| More
Search Go Search

Columbus, Ohio

(Partner: National Association of County and City Health Officials)

Community Mission

The ACHIEVE CHART of Columbus, Ohio will engage top level leaders in all community sectors to implement policy and environmental strategies to increase the initiation and duration of breastfeeding and facilitate better diets and increased physical activity for all children ages birth to 5 years old in zip codes 43205, 43206 and 43207.

Community Information

Columbus is the capital and largest city in Ohio. According to the 2008 American Community Survey, the population of Columbus is 65.2% white; 26.1% African American; 5% Hispanic and 4.3% Asian. Columbus City Schools (CCS) is the largest school district in the city, serving approximately 53,000 students in pre-kindergarten through 12th grade. Three-fourths of CCS students receive free and reduced lunches and 61% of students are African American. In 2009-2010, 29% of the children entering kindergarten and 47% of fifth graders were overweight or obese.

The Columbus ACHIEVE project targets an area comprised of three zip codes 43205, 43206, 43207 situated within the City of Columbus. At the time of the 2010 census, 79,280 people (6,654 children ages birth to 5 years) lived in these three zip codes. More than half of the population is African American, with unemployment rates as high as 11.2% in the 43205 zip code. There are 28 licensed child care centers, 46 Type B home child care homes, 12 elementary schools, 1 middle school and 3 high schools. There are 55 parks and 6 community centers operated by the Columbus Recreation and Parks department.
 
With eleven locations and an Urgent Care, Nationwide Children’s Primary Care Network (PCN) is the primary healthcare provider for the target population in this area. In 2009, the PCN had approximately 157,000 office visits. Of the 56,000 unique patients seen, 94% were on Medicaid.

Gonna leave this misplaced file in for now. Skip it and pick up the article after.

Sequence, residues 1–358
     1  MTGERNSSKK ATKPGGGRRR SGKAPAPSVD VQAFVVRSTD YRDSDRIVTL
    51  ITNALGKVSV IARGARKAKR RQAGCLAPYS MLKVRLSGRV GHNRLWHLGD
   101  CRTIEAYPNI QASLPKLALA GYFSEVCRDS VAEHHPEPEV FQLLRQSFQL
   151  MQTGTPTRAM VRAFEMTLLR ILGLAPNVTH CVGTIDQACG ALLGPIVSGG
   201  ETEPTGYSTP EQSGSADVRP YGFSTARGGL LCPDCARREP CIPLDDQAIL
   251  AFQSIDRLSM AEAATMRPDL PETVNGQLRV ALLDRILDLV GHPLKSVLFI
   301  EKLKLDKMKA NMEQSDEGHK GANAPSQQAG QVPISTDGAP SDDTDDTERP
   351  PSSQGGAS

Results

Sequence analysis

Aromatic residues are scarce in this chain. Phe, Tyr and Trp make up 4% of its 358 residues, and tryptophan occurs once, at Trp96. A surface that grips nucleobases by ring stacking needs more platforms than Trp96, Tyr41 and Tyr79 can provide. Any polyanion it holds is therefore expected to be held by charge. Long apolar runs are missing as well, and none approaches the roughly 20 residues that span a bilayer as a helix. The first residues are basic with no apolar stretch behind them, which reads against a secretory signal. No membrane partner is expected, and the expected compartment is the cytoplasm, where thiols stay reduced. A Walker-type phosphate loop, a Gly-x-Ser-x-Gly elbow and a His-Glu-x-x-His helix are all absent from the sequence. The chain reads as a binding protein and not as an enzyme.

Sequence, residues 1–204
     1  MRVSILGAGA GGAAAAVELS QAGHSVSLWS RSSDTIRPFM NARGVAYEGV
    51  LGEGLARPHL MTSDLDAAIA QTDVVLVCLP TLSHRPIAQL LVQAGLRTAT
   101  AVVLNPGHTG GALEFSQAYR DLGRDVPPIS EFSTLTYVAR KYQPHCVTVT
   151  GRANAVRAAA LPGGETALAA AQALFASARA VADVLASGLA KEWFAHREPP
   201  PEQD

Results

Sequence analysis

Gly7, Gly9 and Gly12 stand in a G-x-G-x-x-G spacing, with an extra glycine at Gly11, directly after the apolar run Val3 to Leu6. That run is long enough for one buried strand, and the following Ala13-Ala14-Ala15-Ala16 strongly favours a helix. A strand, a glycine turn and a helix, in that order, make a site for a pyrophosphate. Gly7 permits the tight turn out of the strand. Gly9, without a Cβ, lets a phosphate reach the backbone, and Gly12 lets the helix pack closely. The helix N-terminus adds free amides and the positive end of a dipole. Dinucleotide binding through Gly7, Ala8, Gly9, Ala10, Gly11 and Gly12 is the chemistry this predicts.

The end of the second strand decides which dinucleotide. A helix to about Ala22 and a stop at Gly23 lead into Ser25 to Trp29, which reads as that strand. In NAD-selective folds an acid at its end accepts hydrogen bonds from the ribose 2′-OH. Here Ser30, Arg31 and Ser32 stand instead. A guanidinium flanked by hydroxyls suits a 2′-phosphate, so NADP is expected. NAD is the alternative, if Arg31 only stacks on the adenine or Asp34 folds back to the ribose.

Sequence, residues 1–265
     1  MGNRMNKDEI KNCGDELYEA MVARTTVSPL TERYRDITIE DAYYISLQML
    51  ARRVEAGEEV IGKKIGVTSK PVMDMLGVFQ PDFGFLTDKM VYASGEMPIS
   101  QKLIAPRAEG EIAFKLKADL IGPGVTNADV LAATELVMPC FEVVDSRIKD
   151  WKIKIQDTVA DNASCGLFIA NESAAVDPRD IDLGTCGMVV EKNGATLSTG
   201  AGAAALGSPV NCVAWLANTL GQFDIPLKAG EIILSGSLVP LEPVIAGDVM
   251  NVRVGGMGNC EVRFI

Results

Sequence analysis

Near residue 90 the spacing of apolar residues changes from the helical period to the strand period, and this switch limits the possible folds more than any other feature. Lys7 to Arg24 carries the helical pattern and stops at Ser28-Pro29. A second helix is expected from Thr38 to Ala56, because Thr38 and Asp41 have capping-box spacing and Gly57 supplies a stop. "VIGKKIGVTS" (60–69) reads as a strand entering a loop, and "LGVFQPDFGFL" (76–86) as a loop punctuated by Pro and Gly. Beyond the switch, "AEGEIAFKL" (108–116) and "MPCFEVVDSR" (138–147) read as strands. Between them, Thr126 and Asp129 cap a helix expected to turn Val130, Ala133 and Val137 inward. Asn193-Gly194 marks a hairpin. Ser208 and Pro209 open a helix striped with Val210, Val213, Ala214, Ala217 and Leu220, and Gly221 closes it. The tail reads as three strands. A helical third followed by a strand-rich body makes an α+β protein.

Community Change Strategy

Build the CHART Team’s capacity to impact policy, system and environment: Through continuing education for existing CHART members and developing a Columbus Action Institute for Early Childhood Obesity Prevention, we will add new voices to advocate for policy, system and environmental change strategies to help prevent obesity in early childhood.

Engage safety advocates in early childhood obesity prevention strategies: Connect with block watches, non-violence coalitions and other community groups to share ideas and information about how threats to personal safety, both perceived and real, impact childhood obesity.
Inform and promote policies to create a healthier nutrition and physical activity environment in City facilities: City policy efforts will include protecting a woman’s right to breastfeed in public places and offering a clean private space for women to pump or nurse; increasing the availability and affordability of healthier foods and beverages in vending machines on City property; increasing the availability of healthy food and beverage options at meetings and events at City facilities.
Support and incentivize organizations and businesses that serve the pregnant women and children ages 0-5 in the neighborhoods of 43205, 43206, 43207: Provide support and resources to help implement policies and practices that support breastfeeding, increase access to healthy foods and offer more opportunities for physical activity.  

Community Successes

  • 8 members of the CHART Team developed expertise in the policy, system and environment approach to public health by attending the Centers for Disease Control sponsored Action Institute in June, 2011.
  • The CHART Team conducted more than 10 walking tours of neighborhoods in the 43205, 43206 and 43207 neighborhoods to develop an understanding of the assets and opportunities for improving the health of young children and their families.
  • Nine members of the CHART Team expanded their knowledge of current issues in the prevention and treatment of obesity by attending Obesity and Chronic Disease: Making and Unmaking the Epidemic sponsored by Nationwide Children’s Hospital and The Ohio State University’s Food Innovation Center in November, 2011.

NACCHO National Association of Chronic Disease Directors National Recreation and Park Association SOPHE YMCA - Activate America